There’s no shortage of music festivals in Texas. The state hosts SXSW, Austin City Limits, the touring JMBLYA Fest, San Antonio’s Mala Luna, El Paso’s Neon Desert, Dallas’s Homegrown, and Fort Worth’s Fortress Festival, among others. The ground is also littered with festivals that failed to make it, even with the backing of high-level, experienced industry veterans—Houston’s In Bloom, from ACL promoters C3, lasted just one year, while Austin’s Sound on Sound, from the people who found room in a crowded market for a successful run with Fun Fun Fun Fest, had its second edition abruptly canceled in 2017.
Anybody launching a new music festival in Texas has to consider a crowded market, what led other fests to fail, and find a compelling reason to start a financially risky endeavor. Today, the Jerry Jones family became the latest to take the plunge.
Jones and his children, who make a ton of money from the Cowboys, will bring Kaaboo to AT&T Stadium in May 2019. This isn’t the cold launch of an all-new festival—Kaaboo has been operating a fall fest in San Diego since 2015, and this February, a version of the fest will take place in the Cayman Islands. Jones’s involvement, though, signals a Texas-sized engagement in the market, with a bill full of artists who have sold a whole lot of records.
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When those records were sold tells us a lot about Kaaboo’s target market. The headliners at the top of the bill are The Killers, Kid Rock, Sting, Lynyrd Skynyrd, and Little Big Town (with one more act TBA). All of those artists except maybe Little Big Town can safely be described as legacy acts—the last Killers single to crack the Top 40 was more than a decade ago, and all the others started their careers in the last century—which is a swerve from the usual festival approach of including a few older acts who have established audiences alongside younger, more relevant acts that today’s fans are excited to see. But the rest of the bill doubles down hard on this strategy, offering a billing that feels straight out of 1995: Counting Crows, Alanis Morrissette, Ms. Lauryn Hill, Joan Jett, Garbage, the B-52s, and the Violent Femmes, all on the same weekend!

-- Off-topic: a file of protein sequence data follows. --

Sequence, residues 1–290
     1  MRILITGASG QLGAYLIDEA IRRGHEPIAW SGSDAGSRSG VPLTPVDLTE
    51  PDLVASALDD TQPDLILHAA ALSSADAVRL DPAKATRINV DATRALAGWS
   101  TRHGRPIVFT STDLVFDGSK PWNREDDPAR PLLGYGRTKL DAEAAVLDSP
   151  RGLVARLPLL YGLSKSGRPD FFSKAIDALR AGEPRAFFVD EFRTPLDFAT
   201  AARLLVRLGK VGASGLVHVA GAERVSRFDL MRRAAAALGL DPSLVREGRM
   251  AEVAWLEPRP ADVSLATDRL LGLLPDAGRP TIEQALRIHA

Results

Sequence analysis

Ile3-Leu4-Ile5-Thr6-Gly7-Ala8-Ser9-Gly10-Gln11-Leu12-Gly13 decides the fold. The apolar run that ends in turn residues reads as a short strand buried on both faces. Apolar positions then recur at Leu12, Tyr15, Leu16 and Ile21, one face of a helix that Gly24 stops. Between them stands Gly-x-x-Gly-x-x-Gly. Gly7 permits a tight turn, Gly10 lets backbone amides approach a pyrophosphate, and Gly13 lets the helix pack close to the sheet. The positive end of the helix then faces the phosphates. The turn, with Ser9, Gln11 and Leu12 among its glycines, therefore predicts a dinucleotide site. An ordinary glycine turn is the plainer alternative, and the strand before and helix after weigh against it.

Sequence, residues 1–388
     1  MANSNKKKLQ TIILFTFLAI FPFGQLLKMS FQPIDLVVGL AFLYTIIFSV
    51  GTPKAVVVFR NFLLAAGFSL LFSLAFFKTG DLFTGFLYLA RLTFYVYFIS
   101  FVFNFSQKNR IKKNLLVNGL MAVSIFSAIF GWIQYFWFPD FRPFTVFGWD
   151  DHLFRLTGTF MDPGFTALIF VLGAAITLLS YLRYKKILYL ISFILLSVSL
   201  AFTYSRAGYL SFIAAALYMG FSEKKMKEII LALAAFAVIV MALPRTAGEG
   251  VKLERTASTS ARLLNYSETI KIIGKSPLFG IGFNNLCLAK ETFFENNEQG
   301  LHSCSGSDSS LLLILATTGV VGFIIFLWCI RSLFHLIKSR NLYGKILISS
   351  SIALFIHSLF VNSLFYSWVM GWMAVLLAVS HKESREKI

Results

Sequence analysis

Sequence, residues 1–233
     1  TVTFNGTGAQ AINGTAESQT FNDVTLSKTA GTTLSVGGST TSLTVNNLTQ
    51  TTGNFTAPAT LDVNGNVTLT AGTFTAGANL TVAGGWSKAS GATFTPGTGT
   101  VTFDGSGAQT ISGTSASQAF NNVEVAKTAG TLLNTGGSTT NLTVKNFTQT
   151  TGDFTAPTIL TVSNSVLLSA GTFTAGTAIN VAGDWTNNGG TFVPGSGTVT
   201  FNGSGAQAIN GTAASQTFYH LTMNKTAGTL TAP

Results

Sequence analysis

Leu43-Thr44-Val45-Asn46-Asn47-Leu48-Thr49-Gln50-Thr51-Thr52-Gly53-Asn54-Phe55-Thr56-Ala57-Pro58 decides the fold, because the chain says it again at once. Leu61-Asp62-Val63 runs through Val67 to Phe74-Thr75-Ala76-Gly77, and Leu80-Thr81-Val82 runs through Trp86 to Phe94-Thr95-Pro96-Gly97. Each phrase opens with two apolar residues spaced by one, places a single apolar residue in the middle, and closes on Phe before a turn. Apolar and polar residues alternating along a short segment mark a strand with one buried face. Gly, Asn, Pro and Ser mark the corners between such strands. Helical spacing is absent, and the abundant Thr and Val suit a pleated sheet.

The relatively square lineup illuminates where Kaaboo sees its place in the crowded festival market. People who are excited to see Kid Rock and Lynyrd Skynyrd are not necessarily the same people who want to see The Chainsmokers or Zedd (who will headline next month’s Kaaboo Cayman), but they probably don’t mind a few old Collective Soul or Los Lobos songs. Festivals like ACL and SXSW pride themselves on introducing fans to new artists, but the younger acts on the Kaaboo stages are in tiny print rather than at the top of the bill.
The festival’s website makes this target demographic of aging North Texas Gen-X’ers even more explicit. The “Event Overview” page opens with, “Kaaboo is everything a typical music festival is not.” How is it different? Don’t expect a Fyre Festival-like list of supermodels and A-listers. Rather, it’s a practical exhortation of the amenities Kaaboo offers: an “anti-dirt event” with “ample seating areas” and “pleasant potty-time” at a fest that is “not too young and rowdy.”
The lineup should help with that. Being grown-up focused is part of Kaaboo’s brand, but the Texas edition is laying it on especially thick. At Kaaboo Del Mar, in San Diego, they promised that the crowd was “not too adolescently manic,” but the 2018 bill was still clearly meant to appeal to millennials—Imagine Dragons, Halsey, Post Malone, Gucci Mane, and Katy Perry all appeared in bold type alongside a handful of legacy acts. In Arlington, though, they are all-in on the “X’ers with money” push, hammering home that concertgoers will be among adults who want to whiz in comfort while they anticipate the opening notes of Kid Rock’s “Bawitdaba.”
The attendees will be paying a commensurate fee for the opportunity. General admission passes to Kaaboo start at $299 (with another $26 in fees), but that just gets you in the door. If you want a premium experience at Kaaboo, there are a variety of them available. The entry-level VIP pass (“Blue Star”) starts at a little over $1,000 after fees. The “Rock Star” pass, including a golf cart to get around, free food, front row seats, and meet-and-greet opportunities with “select Kaaboo talent,” costs $4,199 (plus $140.95 in fees). Add in backstage passes, onstage viewing, a dedicated concierge, a private chef, and a weekend-long open bar, and it’ll set you back $20,000.
Below the top tier, the pricing levels aren’t dramatically different than you’d see at a three-day fest like Austin City Limits. Will there be tens of thousands of people who want to pay ACL-like prices—and enough who shell out for the various VIP experiences—to see artists whose cultural relevance peaked 15 to 40 years ago? That’s what the Joneses are betting on.